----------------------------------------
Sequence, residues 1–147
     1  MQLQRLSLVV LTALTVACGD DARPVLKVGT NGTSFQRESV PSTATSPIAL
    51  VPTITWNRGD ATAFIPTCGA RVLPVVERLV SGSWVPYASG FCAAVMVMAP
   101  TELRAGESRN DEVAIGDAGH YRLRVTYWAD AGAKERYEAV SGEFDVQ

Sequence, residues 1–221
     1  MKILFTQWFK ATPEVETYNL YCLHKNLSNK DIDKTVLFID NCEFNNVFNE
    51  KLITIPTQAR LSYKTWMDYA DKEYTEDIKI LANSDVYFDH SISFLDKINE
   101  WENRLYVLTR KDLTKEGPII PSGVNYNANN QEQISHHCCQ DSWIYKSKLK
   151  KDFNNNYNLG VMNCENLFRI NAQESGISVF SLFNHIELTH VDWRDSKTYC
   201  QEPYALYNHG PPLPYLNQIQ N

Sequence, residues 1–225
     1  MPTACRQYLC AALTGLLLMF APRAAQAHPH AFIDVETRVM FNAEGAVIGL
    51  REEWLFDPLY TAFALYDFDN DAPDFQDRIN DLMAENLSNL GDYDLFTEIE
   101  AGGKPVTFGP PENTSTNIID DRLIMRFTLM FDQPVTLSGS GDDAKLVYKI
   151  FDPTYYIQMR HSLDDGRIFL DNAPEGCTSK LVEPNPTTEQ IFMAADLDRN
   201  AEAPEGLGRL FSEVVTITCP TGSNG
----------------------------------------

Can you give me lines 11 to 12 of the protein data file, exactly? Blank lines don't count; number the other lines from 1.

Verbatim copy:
Sequence, residues 1–225
     1  MPTACRQYLC AALTGLLLMF APRAAQAHPH AFIDVETRVM FNAEGAVIGL